On December 25, 1998, a tire pile at the site caught fire and ignited refuse on an open landfill face adjacent to it (Ecology and Environment, 1999). The refuse fire was mitigated by dumping clean fill onto the landfill face. On January 1, 1999, Guam EPA’s contractor PCR Environmental, Inc. (PCR), conducted initial air monitoring at the site for volatile organic compounds (VOCs), carbon monoxide, and oxygen. Air monitoring performed by PCR did not detect VOCs above Occupational Safety and Health Administration (OSHA) Permissible Exposure Limits (PELs). USEPA provided air surveillance and cleanup assistance at the site through the Superfund Technical Assistant and Response Team (START). Additional air monitoring data were collected by START from January 16 to 18, 1999 during the ongoing burning of the tire pile. Air was monitored for particulate matter (PM10), polynuclear aromatic hydrocarbons (PNAs), metals, carbon monoxide, oxygen, and VOCs. The preliminary data collected by START during normal burn conditions indicated no elevated risk to landfill employees or nearby residents with regard to respirable particulates, heavy metals or PAHs. The field screening carbon monoxide data indicated elevated levels at one sample location located at the landfill. It was thought by the START that those emissions were most attributable to gases being emitted from within the landfill. START assisted Mr. T. Thalhamer of the California Integrated Solid Waste Management Board (IWMB), who was brought in by EPA’s Emergency Response Team, in the assessment of emissions from the subterranean fire on the face of the landfill adjacent to the tire fire. This area had visibly subsided as the trash was combusted. There were open spaces and several vents in the surface in addition to visible stress cracks in the landfill face (Ecology and Environment, 1999) . Smoke was observed emanating from the vents. Thermal monitoring by Mr. Thalhamer indicated that temperatures in the vents exceeded those expected to normally exist in a landfill. START was unable to collect data from within the vents due to safety hazards associated with the instability of the landfill face. The data collected by START and IWMB, as well as visual observations, provided evidence of a subterranean fire at the Ordot Landfill.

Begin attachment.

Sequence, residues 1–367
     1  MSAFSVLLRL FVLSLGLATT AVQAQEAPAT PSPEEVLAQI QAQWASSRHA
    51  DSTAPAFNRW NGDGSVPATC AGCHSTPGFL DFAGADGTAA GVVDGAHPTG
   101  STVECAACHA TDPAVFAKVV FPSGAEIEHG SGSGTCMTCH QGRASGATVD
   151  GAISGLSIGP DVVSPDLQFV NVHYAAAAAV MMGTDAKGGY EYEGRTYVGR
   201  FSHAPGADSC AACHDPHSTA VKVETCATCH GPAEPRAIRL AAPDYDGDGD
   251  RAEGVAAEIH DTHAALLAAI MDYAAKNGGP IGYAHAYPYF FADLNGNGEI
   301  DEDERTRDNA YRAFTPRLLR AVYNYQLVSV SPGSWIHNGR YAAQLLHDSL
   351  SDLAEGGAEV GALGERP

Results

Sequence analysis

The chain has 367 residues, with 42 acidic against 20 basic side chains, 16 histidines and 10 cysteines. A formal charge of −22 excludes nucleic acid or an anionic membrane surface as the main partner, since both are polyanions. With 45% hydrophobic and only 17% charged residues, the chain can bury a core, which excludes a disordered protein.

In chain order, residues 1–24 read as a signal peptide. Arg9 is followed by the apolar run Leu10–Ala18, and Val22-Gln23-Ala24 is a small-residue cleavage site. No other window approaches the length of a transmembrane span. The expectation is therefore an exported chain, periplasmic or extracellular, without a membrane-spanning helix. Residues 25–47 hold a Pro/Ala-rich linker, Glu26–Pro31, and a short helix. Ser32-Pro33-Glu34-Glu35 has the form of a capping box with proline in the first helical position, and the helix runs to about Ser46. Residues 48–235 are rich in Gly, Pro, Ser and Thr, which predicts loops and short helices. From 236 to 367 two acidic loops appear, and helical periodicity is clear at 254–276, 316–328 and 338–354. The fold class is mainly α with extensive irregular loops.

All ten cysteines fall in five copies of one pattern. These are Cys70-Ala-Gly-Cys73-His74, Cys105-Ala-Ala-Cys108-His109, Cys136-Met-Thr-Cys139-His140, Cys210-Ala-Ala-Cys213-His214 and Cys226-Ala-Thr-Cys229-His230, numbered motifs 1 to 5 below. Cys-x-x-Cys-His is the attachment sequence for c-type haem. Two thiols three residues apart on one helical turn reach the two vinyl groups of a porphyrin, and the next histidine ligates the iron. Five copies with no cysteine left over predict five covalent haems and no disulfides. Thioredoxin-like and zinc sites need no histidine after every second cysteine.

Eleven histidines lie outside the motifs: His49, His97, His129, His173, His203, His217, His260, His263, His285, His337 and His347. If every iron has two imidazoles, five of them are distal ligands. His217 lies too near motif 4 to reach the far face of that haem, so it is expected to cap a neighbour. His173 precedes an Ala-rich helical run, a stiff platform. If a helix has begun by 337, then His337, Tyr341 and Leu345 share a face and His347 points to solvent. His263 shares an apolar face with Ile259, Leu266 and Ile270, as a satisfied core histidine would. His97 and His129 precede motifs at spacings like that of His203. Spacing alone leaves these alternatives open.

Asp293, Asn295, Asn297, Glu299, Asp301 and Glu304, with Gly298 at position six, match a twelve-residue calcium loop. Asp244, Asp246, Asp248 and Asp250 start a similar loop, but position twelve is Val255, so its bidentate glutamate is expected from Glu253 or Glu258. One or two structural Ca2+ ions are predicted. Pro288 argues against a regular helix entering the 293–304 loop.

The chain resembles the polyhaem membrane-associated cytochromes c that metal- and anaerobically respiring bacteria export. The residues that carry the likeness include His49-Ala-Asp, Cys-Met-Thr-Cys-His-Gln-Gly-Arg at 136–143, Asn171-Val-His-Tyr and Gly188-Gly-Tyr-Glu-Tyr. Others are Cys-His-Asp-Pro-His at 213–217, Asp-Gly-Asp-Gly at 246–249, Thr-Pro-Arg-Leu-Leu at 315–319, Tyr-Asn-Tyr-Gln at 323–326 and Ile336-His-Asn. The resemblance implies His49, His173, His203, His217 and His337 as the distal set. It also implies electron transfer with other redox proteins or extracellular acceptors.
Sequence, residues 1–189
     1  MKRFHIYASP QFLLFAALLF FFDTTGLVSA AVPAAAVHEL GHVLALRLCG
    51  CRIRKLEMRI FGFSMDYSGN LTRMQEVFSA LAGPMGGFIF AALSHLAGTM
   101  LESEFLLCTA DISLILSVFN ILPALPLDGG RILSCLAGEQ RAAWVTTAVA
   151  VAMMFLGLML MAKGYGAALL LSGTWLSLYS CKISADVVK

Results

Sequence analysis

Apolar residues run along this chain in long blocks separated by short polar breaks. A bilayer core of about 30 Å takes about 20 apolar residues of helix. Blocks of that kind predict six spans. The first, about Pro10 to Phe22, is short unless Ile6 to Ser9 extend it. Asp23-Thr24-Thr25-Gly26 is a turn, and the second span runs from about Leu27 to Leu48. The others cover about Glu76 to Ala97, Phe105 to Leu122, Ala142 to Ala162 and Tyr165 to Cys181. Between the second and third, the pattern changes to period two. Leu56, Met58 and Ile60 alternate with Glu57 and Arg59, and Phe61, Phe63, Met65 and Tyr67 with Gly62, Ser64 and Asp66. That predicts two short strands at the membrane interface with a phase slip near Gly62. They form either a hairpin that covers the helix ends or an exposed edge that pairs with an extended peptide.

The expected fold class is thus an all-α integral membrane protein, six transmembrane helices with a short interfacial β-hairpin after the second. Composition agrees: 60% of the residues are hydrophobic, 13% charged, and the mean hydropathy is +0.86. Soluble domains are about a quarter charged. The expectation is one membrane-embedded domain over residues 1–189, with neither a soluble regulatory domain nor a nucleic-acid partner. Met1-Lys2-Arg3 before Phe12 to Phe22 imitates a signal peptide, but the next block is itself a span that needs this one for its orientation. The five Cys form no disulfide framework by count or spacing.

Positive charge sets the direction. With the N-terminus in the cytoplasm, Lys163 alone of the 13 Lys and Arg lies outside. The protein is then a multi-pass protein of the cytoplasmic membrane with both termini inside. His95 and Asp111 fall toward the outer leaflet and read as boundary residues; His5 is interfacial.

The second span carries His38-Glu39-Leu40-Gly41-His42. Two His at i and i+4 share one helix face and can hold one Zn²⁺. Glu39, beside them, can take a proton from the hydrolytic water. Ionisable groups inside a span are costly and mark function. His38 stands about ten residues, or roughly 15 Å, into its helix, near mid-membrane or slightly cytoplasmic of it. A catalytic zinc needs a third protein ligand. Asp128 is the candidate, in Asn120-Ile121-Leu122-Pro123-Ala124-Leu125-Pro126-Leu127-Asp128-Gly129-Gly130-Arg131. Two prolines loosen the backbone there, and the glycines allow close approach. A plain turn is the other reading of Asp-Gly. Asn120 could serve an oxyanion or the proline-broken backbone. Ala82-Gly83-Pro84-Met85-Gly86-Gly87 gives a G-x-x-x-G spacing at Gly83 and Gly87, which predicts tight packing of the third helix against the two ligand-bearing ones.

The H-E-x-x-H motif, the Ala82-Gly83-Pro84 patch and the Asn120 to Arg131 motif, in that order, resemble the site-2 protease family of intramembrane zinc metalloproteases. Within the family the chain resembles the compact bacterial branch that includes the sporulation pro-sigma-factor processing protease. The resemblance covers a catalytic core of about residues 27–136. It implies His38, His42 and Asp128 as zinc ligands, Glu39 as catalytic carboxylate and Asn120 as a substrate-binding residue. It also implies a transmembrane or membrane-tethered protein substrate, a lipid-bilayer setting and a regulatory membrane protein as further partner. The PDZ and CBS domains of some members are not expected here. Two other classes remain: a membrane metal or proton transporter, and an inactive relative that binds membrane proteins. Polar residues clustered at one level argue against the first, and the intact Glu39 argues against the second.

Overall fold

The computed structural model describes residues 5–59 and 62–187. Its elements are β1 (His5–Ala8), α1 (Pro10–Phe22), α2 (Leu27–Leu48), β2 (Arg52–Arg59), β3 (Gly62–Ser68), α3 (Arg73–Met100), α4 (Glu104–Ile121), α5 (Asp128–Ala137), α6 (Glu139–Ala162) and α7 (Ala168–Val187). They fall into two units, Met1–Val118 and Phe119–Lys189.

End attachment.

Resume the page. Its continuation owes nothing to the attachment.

Due to continued non-compliance with the CWA Order, on August 7, 2002, DOJ, acting on behalf of USEPA , filed a complaint in the United States District Court for Guam, against the Government of Guam for violating the CWA at the site (Radway, 2002). Through the complaint, the USEPA and DOJ are seeking civil penalties and actions to achieve CWA compliance and closure of the site. A primary concern for EPA is that the landfill produced leachate which discharged into the Lonfit River. The following inorganic constituents have been detected above surface water quality goals in the Lonfit River: aluminum, barium, boron, copper, cyanide, iron, lead, and manganese, mercury and silver. Inorganic constituent concentrations are also typically greater in leachate samples than in the Lonfit River, and are typically greater downstream than upstream in the Lonfit River. This trend indicates that the landfill impacted the water quality of the Lonfit River.